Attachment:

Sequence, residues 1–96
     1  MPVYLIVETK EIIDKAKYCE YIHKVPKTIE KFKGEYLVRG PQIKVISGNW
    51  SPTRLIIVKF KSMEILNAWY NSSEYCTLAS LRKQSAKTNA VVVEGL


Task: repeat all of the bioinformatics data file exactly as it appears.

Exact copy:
Sequence, residues 1–96
     1  MPVYLIVETK EIIDKAKYCE YIHKVPKTIE KFKGEYLVRG PQIKVISGNW
    51  SPTRLIIVKF KSMEILNAWY NSSEYCTLAS LRKQSAKTNA VVVEGL